Mar 11, 2014 | 2005 Chevrolet Equinox

1 Answer

How do I release air for my coolant system


I am pasting a related earlier post to cover most cooling system issues. Hopefully this helps.



I had a similar problem with our second 2005 Equinox. If the core is clogged, a proper flush is done by hooking garden hose adapters to both heater hoses and reversing the flow numerous times until all debris stops coming from it. Hook the hoses up again and perform a proper and complete system flush with the thermostat removed from the engine. My GM service manual suggests changing the thermostat after the complete system flush is done.
In our case, I put a flush attachment in line with the hose line that feeds the bottom of the surge tank and opened the drain plug on the bottom of the drivers side of the radiator. If you remove it, and nothing flows, use a firm yet still flexible long piece of thin round plastic to probe around the entry point until you break through the hardened sludge in there. You cannot send the probe straight in as there is a support inside of the port, probe at an angle until through. Flush very thoroughly and be patient to get it all out. Done correctly, you won't have to do it again for 150 k miles. Remember to replace the thermostat.
Important when filling, place in park, set the hand brake and chock wheels. Jack the forward right side of the car at that jacking point about 2 to 3 inches to orient the engine correctly to remove air from the system. Open the air bleed screw at the top of the water pump tower to let air bleed while you pour the correct orange Dexcool and water 50/50 mix into the surge tank. Once the air turns to steady flow of coolant with no spitting or bubbles from the tower, snug the screw down, but don't over tighten. You can lower the car at this point. Fill the tank to an inch above the seam halfway up inside of the tank, close the surge tank cap and start the car with the heater on full blast until the water has heated the surge tank very warm to the touch. Turn the engine off and wait for the engine to cool. Carefully remove the surge cap, very slowly to allow pressurized air to bleed, do not open while hot- ever!
Add more 50/50 mix of Dexcool to an inch above the inside seam of the tank. The service manual calls this process thermal cycling to remove all air pockets that remain. You are done with this process when you no longer have to add coolant to cover the inside tank seam after engine cool down.
Finally, and just as importantly, get cooling system sealing pellets from any GM dealer and the next time the engine is cool, drop all 5 pellets in the surge tank. They can be crushed before putting in the tank but I think dropping them in whole allows for a better and smoother application throughout the cooling system that avoids clogging the heater core. If you don't use these pellets after a coolant flush and change, your engine will weep coolant out of the head gasket near the #1 cylinder and will weep into the #1 cylinder. Pressurized hot gases will also leech into your water jacket at this same point which will promote solids forming in your coolant.
This whole process is pretty tedious but worth it in the long run. After I cured all of the cooling system issues with our car, I've come to really appreciate the darned good engineering that went into the drivetrain of the Equinox. Most of the problems in our car were caused by folks not following the rules when servicing the cooling system but while getting this worked out, I've picked up a good understanding of the modern fully closed high pressure GM cooling system. Best of luck!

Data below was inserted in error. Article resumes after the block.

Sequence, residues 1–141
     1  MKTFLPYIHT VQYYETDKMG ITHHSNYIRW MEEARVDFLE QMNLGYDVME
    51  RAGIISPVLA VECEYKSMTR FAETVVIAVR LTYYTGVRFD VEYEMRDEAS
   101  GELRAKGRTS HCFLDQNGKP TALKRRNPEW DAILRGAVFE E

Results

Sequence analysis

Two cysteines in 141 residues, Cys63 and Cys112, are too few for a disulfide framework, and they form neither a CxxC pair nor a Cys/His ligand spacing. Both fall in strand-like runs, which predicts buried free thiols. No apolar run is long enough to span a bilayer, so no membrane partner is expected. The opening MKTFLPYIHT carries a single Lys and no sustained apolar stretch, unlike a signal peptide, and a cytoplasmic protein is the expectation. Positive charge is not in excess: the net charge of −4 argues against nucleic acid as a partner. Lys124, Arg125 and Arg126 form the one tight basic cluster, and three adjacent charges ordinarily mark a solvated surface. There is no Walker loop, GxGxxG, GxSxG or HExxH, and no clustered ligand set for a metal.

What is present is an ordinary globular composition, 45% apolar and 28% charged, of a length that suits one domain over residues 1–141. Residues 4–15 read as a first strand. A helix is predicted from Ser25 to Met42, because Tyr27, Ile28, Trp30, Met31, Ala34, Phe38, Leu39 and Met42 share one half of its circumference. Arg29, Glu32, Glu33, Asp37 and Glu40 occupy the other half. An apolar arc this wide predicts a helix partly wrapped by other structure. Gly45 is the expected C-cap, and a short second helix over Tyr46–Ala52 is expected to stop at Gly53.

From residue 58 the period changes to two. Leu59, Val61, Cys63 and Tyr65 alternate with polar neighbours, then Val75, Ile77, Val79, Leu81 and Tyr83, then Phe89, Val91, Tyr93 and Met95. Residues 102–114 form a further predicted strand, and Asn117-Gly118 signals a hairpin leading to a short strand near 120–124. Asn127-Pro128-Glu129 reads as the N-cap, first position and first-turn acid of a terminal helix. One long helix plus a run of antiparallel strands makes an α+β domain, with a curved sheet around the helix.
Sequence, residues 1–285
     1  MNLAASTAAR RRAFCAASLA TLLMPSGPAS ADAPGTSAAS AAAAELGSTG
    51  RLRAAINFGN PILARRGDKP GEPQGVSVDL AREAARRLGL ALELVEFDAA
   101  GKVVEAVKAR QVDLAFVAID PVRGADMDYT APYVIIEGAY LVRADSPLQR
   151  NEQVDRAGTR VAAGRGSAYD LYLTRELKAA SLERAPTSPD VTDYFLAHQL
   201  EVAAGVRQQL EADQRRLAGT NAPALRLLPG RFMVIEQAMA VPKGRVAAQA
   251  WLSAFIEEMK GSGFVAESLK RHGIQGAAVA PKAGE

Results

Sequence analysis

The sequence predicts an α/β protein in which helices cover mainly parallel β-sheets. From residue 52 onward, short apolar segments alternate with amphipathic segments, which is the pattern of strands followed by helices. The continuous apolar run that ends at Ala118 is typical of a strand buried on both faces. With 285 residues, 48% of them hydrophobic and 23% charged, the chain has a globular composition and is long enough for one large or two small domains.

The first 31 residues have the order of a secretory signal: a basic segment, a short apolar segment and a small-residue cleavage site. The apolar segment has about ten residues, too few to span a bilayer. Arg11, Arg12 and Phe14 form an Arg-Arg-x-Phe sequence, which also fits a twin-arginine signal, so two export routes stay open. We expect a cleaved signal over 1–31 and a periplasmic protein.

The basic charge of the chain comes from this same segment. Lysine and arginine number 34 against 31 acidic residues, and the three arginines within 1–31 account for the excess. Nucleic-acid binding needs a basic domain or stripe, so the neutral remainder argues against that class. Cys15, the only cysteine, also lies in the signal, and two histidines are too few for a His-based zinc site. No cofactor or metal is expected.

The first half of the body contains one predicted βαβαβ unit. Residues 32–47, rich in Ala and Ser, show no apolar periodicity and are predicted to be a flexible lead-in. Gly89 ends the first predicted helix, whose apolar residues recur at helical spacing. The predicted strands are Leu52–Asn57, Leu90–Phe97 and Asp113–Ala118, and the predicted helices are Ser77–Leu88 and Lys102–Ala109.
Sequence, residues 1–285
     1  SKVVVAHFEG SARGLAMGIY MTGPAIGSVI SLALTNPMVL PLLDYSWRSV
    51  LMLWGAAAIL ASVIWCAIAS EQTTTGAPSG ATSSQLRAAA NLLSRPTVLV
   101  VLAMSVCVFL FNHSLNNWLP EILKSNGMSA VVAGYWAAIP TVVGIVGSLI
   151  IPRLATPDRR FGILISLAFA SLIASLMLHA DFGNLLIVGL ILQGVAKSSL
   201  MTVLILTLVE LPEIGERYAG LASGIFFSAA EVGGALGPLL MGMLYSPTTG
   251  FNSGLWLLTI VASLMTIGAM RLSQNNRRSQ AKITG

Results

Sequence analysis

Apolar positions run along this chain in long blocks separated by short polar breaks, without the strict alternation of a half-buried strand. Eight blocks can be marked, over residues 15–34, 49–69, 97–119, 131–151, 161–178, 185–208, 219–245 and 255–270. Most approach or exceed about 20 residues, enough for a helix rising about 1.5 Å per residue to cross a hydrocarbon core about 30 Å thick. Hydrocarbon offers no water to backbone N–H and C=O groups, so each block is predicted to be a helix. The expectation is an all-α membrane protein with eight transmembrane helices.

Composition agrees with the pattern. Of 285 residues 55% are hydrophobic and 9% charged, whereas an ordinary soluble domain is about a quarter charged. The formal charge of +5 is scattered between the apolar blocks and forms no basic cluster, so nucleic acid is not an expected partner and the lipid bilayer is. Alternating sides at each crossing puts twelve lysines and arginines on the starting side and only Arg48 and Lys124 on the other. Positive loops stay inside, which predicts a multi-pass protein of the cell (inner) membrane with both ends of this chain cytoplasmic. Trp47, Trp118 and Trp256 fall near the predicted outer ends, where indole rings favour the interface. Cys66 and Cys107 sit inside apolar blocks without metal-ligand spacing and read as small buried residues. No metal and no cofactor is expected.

Jan 15, 2014 | 2005 Chevrolet Equinox

2 Answers

Over heating on my dodge intrepid 1997 after short time of driving


CHECK ENGINE COOLANT LEVEL.MAKE SURE COOLANT OVER FLOW JUG HAS COOLANT IN FULL COLD MARK.IF COOLANT OVER FLOW JUG IS EMPTY RADIATOR GOT TO BE LOW ON COOLANT POUR COOLANT IN THE OVER FLOW UNTIL COOLANT LEVEL STAY AT THE COLD FULL MARK.SEE IF RADIATOR DONT HAVE A RADIATOR CAP YOU HAVE TO POUR COOLANT IN THE OVER FLOW JUG COOLANT WILL FLOW DOWN IN RADIATOR UNTIL COOLANT LEVEL STOP AT FULL COLD MARK.IF COOLANT LEVEL OKAY.YOUR THERMOSTAT NEED CHANGING ALSO RADIATOR PRESSURE CAP.HAVE RADIATOR FLUSHED OUT.HAVE ENGINE BLOCK FLUSHED OUT.CHECK ENGINE OIL IF OIL LOOK LIKE MILK SHAKE ON OIL DIP STICK YOU HAVE LEAKING HEAD GASKET THAT WILL CAUSE ENGINE OVER HEAT WHILE CAR IN MOTION.CHECK WATER PUMP MAKE SURE ITS WEEP HOLE NOT LEAKING ANTIFREEZE IF SO WATER PUMP NEED REPLACING.

Jun 20, 2011 | 1997 Dodge Intrepid

1 Answer

The water boils out of the coolant surge tank, and also is over heating


try change out thermostat maybe staying shut-radiator fins plugged wash out outside with hose and water. radiator may be plugged in cooling tubes flush out cooling system-check fan and water pump belt-fan bearings or water pump could be going bad and not moving water

Jan 17, 2011 | 2004 Chevrolet Aveo

2 Answers

Water is flowing changed the thermostat and the


are you sure you bleeded the air out correctly. These are a pain sometimes. Water pump blades are know to fall apart and this could also clog up the system almost anywhere

Jul 17, 2009 | 1995 Jeep Grand Cherokee

2 Answers

OVERHEATING


This could be a multitude of things:

Stuck closed thermostat.

Cooling fan not coming on.

Clogged radiator.

Low on coolant.

Water pump failing/leaking.

Head gasket blown, leaking exhaust into antifreeze.

Clogged catalytic converter.

Thermostat: If the Van heats up, then feel the upper radiator hose. If it's cold, then your thermostat is closed. Replace thermostat.

Coolant: If low, simply fill with distilled water and coolant. Low levels will let engine over heat.

Radiator: If there are cold-to-the-touch spots on the radiator after it should be warmed up, then a clogged is probably occuring. Have radiator flushed.

Head Gasket: If you smell exhaust fumes in your coolant reservois tank, then you got a blown head gasket.

Cat Converter: Only can be tested if off the car. Or you could try a non-contact thermometer. These are also good to testing cold spot on radiator or if thermostats are open.

Cooling fan: If mechanical it'll be spinning. If electrical, it should come on automatically with the A/C, or when it gets hot.

Water pump: Will be leaking from the front if it needs replaced. On a van, it's a tough job.

Good luck!

Feb 10, 2009 | 1995 Ford Econoline